The stop work order is dated Feb. 14, the same day that a demolition permit for the building was granted to a developer, Arun Bhatia, and others who own the property. Mr. Bhatia could not immediately be reached for comment.

Neighborhood residents, elected officials and conservation advocates had held rallies and circulated petitions in an attempt to convince the Landmarks Preservation Commission to protect the three-story building, which is the oldest structure on Cooper Square. But the commission recently declined to make the building a landmark, saying that its historic façade had been altered. A spokeswoman for Mr. Bhatia has said that he has no firm plans for the building or the site.

Accompanying the stop work order were two notices of violation that were issued in Mr. Bhatia’s name because, they said, a work permit had not been posted in area visible to the public and because of what one form termed a “failure to protect public and property affected by construction operations.”

That form went on to offer additional details, saying that 35 Cooper Square’s roof “has been partially stripped to sheathing and in some cases joists” and is accessible by way of a second floor bar in the Cooper Square Hotel, a recently built high rise.

On Tuesday evening several passersby paused to gaze at the stop work order and other documents. Among them was Cynthia Pringle, an arts administrator from Greenpoint who works near Cooper Square.

Ms. Pringle, 29, said that she hoped the stop work order would prevent the demolition of the old building.

“This is the last of its kind around here,” she said. “This is history.”

Demolition Set for 35 Cooper Square

35 Cooper Square 1Claire Glass City officials today approved a plan to demolish the historic site at 35 Cooper Square. Below: About 100 people held a demonstration last month to protest planned demolition at the site.
DSC05184Suzanne Rozdeba

Scaffolding has gone up, workers are busy on the roof and an application for full demolition was filed and approved today for 35 Cooper Square. Yet the new owners of the nearly 200-year-old federal-style building that preservation groups are trying desperately to keep standing told The Local three times in the past 10 days that the firm as yet had no concrete plans for the property.

Beyond erecting the scaffolding, removing the asbestos, and blocking the windows with wood as a “safety” precaution, there are no definite plans for construction, Jane Crotty told The Local today, speaking for developer Arun Bhatia, one of the new owners. Mr. Bhatia is a partner at Cooper and 6th Property LLC, which owns the building. “I don’t have any word on that,” she said.

As for the application for full demolition, Ms. Crotty said, “They’re pursuing their rights to develop the property. The application was filed today.” She confirmed asbestos removal began this past weekend, and is continuing today. “The removal will probably take a couple of days, if not a week.” In conversations on Feb. 4 and Feb. 11, Ms. Crotty had also said there were no definite plans for the site.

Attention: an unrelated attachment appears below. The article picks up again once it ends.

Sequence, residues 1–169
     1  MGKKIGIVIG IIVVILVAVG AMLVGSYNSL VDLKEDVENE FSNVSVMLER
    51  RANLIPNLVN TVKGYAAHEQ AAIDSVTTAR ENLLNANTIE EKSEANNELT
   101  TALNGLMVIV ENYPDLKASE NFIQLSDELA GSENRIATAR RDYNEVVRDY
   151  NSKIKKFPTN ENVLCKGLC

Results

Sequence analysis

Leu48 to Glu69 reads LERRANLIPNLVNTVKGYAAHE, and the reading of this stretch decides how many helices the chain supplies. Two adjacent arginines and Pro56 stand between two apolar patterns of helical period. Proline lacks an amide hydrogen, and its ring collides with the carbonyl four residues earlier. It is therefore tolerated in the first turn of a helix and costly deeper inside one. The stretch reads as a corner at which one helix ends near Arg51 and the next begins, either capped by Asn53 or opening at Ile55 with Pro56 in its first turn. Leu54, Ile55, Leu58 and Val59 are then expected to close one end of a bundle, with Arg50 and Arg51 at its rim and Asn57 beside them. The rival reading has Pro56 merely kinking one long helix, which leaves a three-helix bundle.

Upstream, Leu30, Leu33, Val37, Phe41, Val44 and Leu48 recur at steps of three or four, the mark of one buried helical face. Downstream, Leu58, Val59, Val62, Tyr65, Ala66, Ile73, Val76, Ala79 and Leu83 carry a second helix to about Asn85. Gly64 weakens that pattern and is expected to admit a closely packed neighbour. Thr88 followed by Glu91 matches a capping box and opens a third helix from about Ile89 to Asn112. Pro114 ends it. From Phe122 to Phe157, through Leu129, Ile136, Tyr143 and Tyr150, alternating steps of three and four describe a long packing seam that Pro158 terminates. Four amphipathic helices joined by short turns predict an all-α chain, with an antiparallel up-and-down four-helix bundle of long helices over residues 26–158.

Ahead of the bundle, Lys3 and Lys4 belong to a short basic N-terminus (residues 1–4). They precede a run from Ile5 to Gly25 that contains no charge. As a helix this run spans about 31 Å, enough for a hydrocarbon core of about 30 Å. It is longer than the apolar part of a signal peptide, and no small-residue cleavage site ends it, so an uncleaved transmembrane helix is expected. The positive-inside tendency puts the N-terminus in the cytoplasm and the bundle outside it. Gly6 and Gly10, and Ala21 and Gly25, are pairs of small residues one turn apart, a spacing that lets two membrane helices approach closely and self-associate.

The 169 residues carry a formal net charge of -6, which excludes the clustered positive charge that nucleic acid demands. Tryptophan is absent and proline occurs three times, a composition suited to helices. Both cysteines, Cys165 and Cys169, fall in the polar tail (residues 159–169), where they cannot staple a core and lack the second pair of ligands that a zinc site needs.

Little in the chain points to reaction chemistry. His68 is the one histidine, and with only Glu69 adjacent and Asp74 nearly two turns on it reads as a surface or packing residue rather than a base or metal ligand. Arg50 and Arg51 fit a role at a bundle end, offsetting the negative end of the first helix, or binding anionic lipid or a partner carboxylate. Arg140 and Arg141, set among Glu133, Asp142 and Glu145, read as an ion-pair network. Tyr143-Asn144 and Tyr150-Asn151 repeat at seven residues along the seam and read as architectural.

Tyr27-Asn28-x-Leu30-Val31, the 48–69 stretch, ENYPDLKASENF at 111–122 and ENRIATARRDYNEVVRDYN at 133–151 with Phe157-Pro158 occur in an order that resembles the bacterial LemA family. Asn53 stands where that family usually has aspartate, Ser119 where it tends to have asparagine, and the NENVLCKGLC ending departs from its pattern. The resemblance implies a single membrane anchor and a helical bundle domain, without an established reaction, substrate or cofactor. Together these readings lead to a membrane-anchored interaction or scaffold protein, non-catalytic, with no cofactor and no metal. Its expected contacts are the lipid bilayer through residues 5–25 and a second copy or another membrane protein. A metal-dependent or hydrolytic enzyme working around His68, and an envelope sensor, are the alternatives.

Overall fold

Over the last several weeks advocacy groups and elected officials have fought to preserve the site. The Bowery Alliance of Neighbors had gathered more than 1,000 signatures for a petition to designate the spot a historic landmark. Now, it would appear, those efforts have been dealt a significant setback.

Upon hearing news of the approval of the application for full demolition, David Mulkins, chair of the Bowery Alliance of Neighbors, said, “This city needs to do something very quick to preserve and protect this street before all of this historic character, all evidence of it, is gone. It does break your heart, and it also breaks your spirit.”
Read more…

100 Attend Rally For 35 Cooper Square

DSC05156Suzanne Rozdeba David Mulkins, chair of the Bowery Alliance of Neighbors, speaks at a demonstration this evening in support of a landmark designation for 35 Cooper Square. The designation would prevent development at the site.
1.28.11 Rally, 35 Cooper Square, East Village

Holding signs that said “Build Memories, Not Luxury Hotels” and “Save Cooper Square’s Oldest Building,” about 100 people, many of them East Village residents, gathered in front of 35 Cooper Square today in a rally supporting the designation of the site as a historic landmark.

“We’re here today because this is one of the most significant buildings on this street. This is the oldest building on Cooper Square. If you lose this building, Cooper Square loses a much earlier sense of its history,” David Mulkins, chair of the Bowery Alliance of Neighbors, which organized the rally, told the crowd, which included a handful of children from The Children’s Aid Society holding a sign that said, “Make 35 Cooper Square a Landmark.” The rally, which started at 4:30 p.m., lasted about 45 minutes.

The alliance is circulating a petition asking for supporters to urge the Landmarks Preservation Commission to designate the site as a historic site; more than 700 signatures have been collected so far. The building was sold for $8.5 million in November.

Mr. Mulkins, holding a sign with pictures of Cooper Square from the late 1880’s and early 1900’s, mentioned the site’s next-door neighbor, the Cooper Square Hotel, saying, “If we have this kind of out-of-scale, out-of-context development, we are destroying the sense of place that we get in these historic neighborhoods.”

The building at the current site, which houses the popular Cooper 35 Asian Pub, has a rich history that should not be destroyed, said State Senator Thomas K. Duane, whose 29th District includes the East Village. “There’s so little left of our beloved Village, of the history we are proud of. To risk losing a piece of that, even just one building, is tragic. We need the Landmark Commission to get this building on the calendar, and we need to preserve it.”

Assemblywoman Deborah J. Glick, who was also at the rally, said,  “We will continue to fight to landmark this essential part of New York’s history. I believe that people raising their voices will overcome the attempt of the administration to ignore us. Today is a great representation that we are standing together. We will fight until we win.”